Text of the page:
Will Voters Okay the Cash?

Will Voters Okay the Cash?

Voters Get To Decide Nov. 5

Of the $2.8 billion in transportation projects planned for Northern Virginia and identified for the tax referendum vote this fall, those impacting the City of Alexandria and the Mount Vernon and Lee districts of Fairfax County account for more than one third of the total pot.

Overall, part or all of the monies allocated to nine of the identified 20 projects, as well as those in the general subject categories, fall within portions of the three jurisdictions. They include both highway and mass transit expenditures.

The lion's share is allocated to transportation endeavors which impact the Lee District. They total $825 million. The City of Alexandria and the Mount Vernon District each account for approximately $150 million.

In all cases, except for the projects designated Eisenhower Valley Highway and Transit Improvements and Alexandria Transit Capital and Facilities, which each have assigned bond amounts of $25 million, the identified projects overlap various jurisdictions.

Funds dedicated to mass transit top $400 million while the rest is destined for highways and roads throughout the region. But, the entire scenario rests with the will of the voters, when and if they have the opportunity to approve or disapprove an increase in the sales tax.

WHEN THE VOTERS of Northern Virginia go to the polls on Nov. 5, it is anticipated they will have the option to vote yea or nay on increasing the sales tax from the present four and one half percent to 5 percent. If adopted, the money would be used to fund designated transportation projects throughout Northern Virginia.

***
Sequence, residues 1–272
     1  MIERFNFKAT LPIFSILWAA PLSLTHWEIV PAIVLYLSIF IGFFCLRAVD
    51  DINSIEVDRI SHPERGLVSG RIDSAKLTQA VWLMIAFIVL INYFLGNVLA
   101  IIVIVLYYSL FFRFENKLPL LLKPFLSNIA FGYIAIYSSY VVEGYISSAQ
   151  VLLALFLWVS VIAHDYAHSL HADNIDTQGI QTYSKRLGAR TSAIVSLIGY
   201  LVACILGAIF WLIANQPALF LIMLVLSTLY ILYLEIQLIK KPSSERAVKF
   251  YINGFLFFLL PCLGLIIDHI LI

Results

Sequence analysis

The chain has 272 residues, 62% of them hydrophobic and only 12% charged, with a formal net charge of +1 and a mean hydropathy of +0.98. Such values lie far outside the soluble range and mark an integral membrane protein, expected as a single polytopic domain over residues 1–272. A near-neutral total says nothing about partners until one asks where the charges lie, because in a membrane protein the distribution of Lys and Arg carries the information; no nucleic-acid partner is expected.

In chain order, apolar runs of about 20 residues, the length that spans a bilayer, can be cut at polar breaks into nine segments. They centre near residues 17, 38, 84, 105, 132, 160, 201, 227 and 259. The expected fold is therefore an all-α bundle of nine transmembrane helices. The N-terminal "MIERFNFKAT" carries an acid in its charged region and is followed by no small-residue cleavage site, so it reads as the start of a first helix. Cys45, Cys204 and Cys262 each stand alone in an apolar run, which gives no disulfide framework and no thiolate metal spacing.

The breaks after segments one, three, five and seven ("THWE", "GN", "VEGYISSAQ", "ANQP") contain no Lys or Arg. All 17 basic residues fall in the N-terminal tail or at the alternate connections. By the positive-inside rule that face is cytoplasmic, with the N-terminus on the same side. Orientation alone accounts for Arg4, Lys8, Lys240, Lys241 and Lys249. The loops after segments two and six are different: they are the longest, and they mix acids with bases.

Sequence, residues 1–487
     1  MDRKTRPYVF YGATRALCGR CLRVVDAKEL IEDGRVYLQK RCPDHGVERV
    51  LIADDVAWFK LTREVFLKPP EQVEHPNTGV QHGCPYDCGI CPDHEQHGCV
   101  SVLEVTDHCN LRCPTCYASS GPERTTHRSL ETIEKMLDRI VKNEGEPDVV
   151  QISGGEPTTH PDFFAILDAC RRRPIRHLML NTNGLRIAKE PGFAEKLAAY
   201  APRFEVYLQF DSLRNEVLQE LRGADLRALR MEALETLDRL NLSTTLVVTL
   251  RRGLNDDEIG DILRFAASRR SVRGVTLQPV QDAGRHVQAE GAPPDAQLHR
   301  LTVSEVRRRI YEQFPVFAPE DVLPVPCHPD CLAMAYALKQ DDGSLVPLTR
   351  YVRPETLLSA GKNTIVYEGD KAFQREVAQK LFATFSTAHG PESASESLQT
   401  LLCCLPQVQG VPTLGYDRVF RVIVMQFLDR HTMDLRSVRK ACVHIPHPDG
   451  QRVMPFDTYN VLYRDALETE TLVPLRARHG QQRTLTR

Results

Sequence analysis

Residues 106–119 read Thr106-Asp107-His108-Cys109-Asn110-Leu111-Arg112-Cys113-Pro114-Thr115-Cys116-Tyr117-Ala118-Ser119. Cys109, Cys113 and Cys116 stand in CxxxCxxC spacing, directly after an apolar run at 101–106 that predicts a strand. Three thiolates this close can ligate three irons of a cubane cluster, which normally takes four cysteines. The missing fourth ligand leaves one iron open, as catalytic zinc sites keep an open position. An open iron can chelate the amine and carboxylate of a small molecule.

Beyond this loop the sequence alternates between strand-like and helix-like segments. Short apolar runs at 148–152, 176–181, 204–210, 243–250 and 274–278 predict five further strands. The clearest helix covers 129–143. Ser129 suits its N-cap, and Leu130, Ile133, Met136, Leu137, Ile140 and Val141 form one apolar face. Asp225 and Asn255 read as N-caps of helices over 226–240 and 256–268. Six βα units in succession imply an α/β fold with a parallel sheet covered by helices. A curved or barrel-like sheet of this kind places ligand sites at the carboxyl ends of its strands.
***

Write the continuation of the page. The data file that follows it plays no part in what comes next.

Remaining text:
But there is speculation that legal action may be taken to prevent the referendum from appearing on the fall ballot. Opponents are raising constitutional questions as to its legitimacy.

If the referendum is authorized, voters, arriving at the polls, will be presented with a list of projects with a dollar amount for each. Some of those will be quite specific, such as new rail cars for VRE, but most will be generalized, such as Eisenhower Valley Highway and Transit Improvement for Alexandria and Route 1 Improvements, which affects the Mount Vernon/Lee districts.

Although, the emphasis on specific priorities and projects differs by jurisdiction, there was unanimity among the three jurisdictions that the referendum was a positive step to addressing the areas interlocking transportation needs. There was also agreement that a comprehensive approach is essential.